Embrace the Soft Launch
Let's just say it -- when you’re self-funded, you can’t afford a big launch.
Startups have been immersed in this “launch culture” lately, and it seems to be growing. There is a pervasive belief that your business will fail unless it takes off overnight. That’s probably true if you’re VC-backed, but even for successful businesses mediocre launches are pretty much the norm.
Most self-funded entrepreneurs should disregard the idea of a launch. There is rarely a clean line between the product development phase and the selling phase. If you expect that line to be there, it’s going to hurt your business.
If you place too much emphasis on your product, without getting feedback from your audience, your product is likely to fall flat. The more involved your audience is in the product development phase, the more psychological ownership they will take in the company. This will likely turn them into loyal customers and evangelists for your brand.
Embrace the idea that, right now, “ramen profitable” is success. Focus on profit, no matter how meager, before you dedicate your mental faculties to things like scalability. Your business model while you are ramen profitable doesn’t even need to resemble your ultimate business model. Nothing is more important than figuring out how to earn a profit from your business.
Something clicks when you stop thinking about building your empire and start working with actual customers. You begin to see all the little tweaks you need to build a more successful product. You realize this isn’t theoretical anymore. You’re actually in business. You stop trying to think your way to the top because you realize it all comes down to what you do.
There’s some debate which comes first, improving the product or building the audience. The obvious answer in the past was almost always the product but this isn’t necessarily the right answer these days. Both approaches work. The important thing is that you focus on either a minimally viable audience or a minimally viable product. When you have one, focus on the other. You need both for profitability.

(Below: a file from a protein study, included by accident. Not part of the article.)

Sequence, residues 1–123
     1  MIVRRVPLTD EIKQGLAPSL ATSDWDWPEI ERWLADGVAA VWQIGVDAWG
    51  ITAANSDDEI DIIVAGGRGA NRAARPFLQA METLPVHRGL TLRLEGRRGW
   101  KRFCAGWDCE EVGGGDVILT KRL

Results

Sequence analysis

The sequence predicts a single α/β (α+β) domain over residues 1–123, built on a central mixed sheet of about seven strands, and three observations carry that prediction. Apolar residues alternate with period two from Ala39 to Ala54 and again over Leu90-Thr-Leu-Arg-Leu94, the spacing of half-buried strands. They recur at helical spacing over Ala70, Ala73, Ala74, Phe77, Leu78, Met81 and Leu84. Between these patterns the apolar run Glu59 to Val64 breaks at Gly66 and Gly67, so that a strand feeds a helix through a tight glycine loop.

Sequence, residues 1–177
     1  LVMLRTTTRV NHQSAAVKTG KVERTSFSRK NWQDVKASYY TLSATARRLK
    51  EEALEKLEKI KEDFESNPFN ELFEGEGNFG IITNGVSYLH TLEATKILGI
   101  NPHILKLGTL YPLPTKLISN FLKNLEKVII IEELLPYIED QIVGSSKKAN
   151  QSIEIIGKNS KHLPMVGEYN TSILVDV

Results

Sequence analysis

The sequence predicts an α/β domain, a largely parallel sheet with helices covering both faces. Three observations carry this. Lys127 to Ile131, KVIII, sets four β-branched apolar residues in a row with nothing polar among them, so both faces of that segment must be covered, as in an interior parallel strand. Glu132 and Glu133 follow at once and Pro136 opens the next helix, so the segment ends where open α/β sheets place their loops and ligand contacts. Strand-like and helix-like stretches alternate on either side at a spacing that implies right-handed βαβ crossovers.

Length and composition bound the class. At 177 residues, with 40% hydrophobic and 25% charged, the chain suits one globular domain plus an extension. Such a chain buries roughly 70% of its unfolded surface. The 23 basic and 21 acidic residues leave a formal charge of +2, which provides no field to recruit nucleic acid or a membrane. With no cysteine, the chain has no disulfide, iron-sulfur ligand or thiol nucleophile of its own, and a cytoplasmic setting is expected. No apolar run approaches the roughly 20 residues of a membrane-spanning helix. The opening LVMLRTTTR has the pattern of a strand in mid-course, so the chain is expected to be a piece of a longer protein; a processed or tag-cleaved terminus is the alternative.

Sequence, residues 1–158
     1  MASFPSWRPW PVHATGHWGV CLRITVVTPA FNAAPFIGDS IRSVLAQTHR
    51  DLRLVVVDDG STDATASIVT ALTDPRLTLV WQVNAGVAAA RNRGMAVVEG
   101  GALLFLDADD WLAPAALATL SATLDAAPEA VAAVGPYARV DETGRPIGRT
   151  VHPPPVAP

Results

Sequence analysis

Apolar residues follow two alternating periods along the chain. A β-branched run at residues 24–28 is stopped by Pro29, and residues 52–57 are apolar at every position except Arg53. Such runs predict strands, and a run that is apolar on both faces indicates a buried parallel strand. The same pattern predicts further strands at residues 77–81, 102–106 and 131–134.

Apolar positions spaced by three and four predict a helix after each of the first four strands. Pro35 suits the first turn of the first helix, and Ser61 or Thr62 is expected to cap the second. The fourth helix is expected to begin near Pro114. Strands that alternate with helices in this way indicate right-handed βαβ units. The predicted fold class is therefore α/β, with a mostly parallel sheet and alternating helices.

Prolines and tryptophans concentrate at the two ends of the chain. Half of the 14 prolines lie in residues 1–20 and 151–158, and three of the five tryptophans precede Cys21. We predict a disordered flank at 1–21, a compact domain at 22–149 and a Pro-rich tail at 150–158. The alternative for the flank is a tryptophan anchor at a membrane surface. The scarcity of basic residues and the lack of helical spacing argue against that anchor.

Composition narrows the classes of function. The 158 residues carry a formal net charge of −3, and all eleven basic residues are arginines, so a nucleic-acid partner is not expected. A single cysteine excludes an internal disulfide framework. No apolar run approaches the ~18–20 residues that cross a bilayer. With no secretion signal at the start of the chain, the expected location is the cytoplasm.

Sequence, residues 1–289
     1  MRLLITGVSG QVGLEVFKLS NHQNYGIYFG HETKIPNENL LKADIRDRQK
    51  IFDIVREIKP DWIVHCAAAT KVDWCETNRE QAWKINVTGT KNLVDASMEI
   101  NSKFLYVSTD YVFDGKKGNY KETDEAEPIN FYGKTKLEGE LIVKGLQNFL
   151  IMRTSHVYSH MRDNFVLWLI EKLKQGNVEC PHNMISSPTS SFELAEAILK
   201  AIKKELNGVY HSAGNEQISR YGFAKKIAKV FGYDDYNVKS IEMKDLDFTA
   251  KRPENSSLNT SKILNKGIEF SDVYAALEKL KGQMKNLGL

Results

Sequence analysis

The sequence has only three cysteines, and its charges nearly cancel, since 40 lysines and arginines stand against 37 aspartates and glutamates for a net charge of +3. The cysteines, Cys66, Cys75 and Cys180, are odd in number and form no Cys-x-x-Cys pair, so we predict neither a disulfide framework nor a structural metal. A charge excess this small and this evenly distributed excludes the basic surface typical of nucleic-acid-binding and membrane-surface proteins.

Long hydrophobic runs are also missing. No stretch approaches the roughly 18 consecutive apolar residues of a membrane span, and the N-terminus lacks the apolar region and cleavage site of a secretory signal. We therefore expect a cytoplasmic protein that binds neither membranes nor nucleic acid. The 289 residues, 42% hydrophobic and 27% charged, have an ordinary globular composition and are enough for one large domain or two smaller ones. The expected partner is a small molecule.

Don’t waste time trying to build an elaborate selling framework (unless your product is the e-commerce platform itself). Just get on Shopify and start selling. Don’t start by trying to sell your product to faceless masses using AdWords, or even guest posts. Hustle your product like a door-to-door salesman. I’m not saying you need to literally go door-to-door but, frankly, it’s not a bad idea. Start by selling to individuals, preferably influential ones.
When you do make a sale, become that customer’s best friend. Make the experience personal and genuine. Get to know them, ask what worked for them, and what didn’t. Learn everything you can about the customer's experience and how you can imrove it. It is not time to think about scaling right now.
The “soft launch” or “ramen profitable” phase is when you stop operating a venture and begin learning to operate a business. You refine your product before mass production or big investments and, crucially, fund the growth of your business without taking on debt.
Related: Self-Financing Your Startup
Entrepreneur Editors' Picks
Tory Burch Built a Brand Around Empowering Women. Now Her Foundation Is Furthering Her Mission: 'How Do We as a Company Have a Positive Impact on Humanity?'
This Founder Had to Play College Basketball in Men's Shorts and Shoes, So She Launched an Athletic Clothing Company Named After the Now 50-Year-Old Title IX Act
Is Beyoncé's 'Break My Soul' the Theme Song of the Great Resignation?
You're Probably Falling for All of Amazon Prime Day's Psychological Sales Tactics. A Marketing Professor Reveals Them — and How You Can Actually Get the Best Deal.
Comedian Paul Virzi: 'If You're Not Authentic, You Have Nothing'
Struggling to Come Up With Creative Ideas? Try Doing This.
Picking a Winning Emerging Brand Is How You Get Rich in Franchising. Here's How to Spot One.